© Reuters. FILE PHOTO: Banknotes of Japanese yen are seen in this illustration picture taken September 22, 2022. REUTERS/Florence Lo/Illustration
By Leika Kihara and Yoshifumi Takemoto
TOKYO (Reuters) – Japanese authorities cannot control yen levels with currency intervention but they have various tools to smooth out volatile moves driven by speculators, former top finance ministry bureaucrat Yasushi Kinoshita said on Monday.
Japan has been conducting yen-buying interventions since September to prevent a sharp slide in the currency driven by the gap between steadily tighter U.S. monetary policy and the Bank of Japan’s continued ultra-loose policy.
“Currency intervention cannot and isn’t intended to move the yen significantly up and down, or keep it at a certain level for a sustained period of time,” said Kinoshita, seen as a candidate to join the Bank of Japan’s leadership next year.
“Rather, it’s aimed at preventing speculators from triggering volatile moves,” said Kinoshita, who played a key role when Japan conducted yen-selling intervention in 2011.
“Japanese authorities are armed with the wisdom and various tools to fight speculators,” he told Reuters in an interview.
Kinoshita said the central bank must eventually exit its ultra-loose policy but added that the BOJ must tread carefully and coordinate closely with the government in withdrawing stimulus.
“Everyone understands the BOJ must eventually head for the exit,” Kinoshita said.
“It must proceed steadily but cautiously,” he said, as withdrawing fiscal and monetary support simultaneously and too hastily would hurt the fragile economy.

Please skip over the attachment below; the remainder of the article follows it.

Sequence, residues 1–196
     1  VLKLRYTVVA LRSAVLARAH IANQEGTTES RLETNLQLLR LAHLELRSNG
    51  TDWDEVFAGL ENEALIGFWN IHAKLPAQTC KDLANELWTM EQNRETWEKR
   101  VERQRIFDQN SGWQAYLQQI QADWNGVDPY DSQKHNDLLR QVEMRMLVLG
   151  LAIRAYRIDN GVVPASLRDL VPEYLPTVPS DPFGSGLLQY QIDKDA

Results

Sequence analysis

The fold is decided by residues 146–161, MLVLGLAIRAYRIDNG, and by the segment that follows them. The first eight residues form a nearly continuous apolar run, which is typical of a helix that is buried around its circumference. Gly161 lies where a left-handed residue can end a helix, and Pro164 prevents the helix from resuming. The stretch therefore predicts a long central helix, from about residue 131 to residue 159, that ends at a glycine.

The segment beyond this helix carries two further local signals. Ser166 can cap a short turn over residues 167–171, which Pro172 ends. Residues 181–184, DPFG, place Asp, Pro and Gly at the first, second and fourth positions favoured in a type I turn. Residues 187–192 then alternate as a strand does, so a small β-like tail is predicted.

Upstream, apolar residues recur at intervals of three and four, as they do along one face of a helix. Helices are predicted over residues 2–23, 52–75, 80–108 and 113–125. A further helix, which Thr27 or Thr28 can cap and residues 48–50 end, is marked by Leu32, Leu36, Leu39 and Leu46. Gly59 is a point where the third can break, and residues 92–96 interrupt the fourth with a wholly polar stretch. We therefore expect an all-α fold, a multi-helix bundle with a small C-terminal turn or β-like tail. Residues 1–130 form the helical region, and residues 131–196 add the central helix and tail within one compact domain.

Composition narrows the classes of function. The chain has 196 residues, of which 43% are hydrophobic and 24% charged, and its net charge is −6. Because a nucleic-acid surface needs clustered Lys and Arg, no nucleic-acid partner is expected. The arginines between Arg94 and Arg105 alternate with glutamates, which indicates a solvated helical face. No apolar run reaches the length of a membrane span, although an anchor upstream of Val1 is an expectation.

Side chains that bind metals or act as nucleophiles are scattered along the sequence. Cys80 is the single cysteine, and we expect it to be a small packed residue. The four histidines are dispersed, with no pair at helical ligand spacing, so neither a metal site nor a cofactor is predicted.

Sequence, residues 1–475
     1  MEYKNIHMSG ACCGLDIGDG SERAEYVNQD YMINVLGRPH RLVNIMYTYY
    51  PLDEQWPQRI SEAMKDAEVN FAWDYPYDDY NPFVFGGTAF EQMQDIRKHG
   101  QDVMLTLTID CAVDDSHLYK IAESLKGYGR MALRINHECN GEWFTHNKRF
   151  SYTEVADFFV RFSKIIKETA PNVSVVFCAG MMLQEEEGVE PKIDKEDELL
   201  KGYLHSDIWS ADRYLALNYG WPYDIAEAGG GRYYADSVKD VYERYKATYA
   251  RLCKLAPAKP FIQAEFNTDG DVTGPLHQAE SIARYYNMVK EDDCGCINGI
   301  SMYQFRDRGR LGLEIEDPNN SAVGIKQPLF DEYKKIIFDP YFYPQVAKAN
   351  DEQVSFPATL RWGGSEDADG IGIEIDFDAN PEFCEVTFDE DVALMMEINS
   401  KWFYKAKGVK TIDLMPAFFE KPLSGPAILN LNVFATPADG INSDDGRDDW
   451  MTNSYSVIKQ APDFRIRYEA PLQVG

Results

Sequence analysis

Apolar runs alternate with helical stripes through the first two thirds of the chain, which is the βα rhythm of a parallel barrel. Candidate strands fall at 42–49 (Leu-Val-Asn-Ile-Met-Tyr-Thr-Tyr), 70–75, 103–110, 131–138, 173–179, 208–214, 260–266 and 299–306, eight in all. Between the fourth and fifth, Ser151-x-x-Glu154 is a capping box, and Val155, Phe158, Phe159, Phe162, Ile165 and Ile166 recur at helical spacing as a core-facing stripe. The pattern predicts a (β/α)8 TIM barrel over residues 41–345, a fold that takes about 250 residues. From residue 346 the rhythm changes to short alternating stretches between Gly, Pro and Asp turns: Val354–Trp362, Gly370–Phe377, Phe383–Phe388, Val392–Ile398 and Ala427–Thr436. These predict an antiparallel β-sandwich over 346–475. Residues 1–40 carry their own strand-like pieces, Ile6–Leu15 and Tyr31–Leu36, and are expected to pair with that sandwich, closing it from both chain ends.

Kinoshita, who retains close ties with incumbent policymakers, served as vice finance minister for about a year from 2013, when BOJ Governor Haruhiko Kuroda deployed his “bazooka” stimulus programme to eradicate deflation.
He is seen as one candidate to join the BOJ’s leadership when Kuroda’s term ends next April and those of his two deputies run out in March.
Some investors bet the BOJ will start to phase out its massive stimulus upon dovish governor Kuroda’s departure, as prolonged ultra-low rates drive unwelcome yen falls that boost import costs.
“Given that what the BOJ is doing now is unprecedented, it won’t be easy,” Kinoshita said of the likelihood of a smooth lift-off from ultra-low rates.
The BOJ sets a negative short-term rate target and caps the 10-year bond yield around zero, remaining an outlier among a wave of central banks raising rates to combat soaring inflation.
Kinoshita was director-general of the international bureau when the finance ministry intervened in 2011 to stem a sharp yen rise that was hurting exports. He is currently chairman of the government-backed Development Bank of Japan.